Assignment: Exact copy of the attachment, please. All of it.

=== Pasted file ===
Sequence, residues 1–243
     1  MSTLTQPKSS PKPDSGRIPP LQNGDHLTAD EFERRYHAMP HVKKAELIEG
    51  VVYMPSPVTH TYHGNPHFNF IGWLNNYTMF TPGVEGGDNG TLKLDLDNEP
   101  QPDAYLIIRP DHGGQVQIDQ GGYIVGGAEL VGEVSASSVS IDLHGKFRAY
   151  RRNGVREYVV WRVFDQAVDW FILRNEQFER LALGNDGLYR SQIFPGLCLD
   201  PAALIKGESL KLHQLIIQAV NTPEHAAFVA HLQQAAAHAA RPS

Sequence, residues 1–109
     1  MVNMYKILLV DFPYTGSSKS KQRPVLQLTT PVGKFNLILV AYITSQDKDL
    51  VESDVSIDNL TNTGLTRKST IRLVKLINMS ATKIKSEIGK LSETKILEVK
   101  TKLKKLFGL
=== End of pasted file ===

Sequence, residues 1–243
     1  MSTLTQPKSS PKPDSGRIPP LQNGDHLTAD EFERRYHAMP HVKKAELIEG
    51  VVYMPSPVTH TYHGNPHFNF IGWLNNYTMF TPGVEGGDNG TLKLDLDNEP
   101  QPDAYLIIRP DHGGQVQIDQ GGYIVGGAEL VGEVSASSVS IDLHGKFRAY
   151  RRNGVREYVV WRVFDQAVDW FILRNEQFER LALGNDGLYR SQIFPGLCLD
   201  PAALIKGESL KLHQLIIQAV NTPEHAAFVA HLQQAAAHAA RPS

Sequence, residues 1–109
     1  MVNMYKILLV DFPYTGSSKS KQRPVLQLTT PVGKFNLILV AYITSQDKDL
    51  VESDVSIDNL TNTGLTRKST IRLVKLINMS ATKIKSEIGK LSETKILEVK
   101  TKLKKLFGL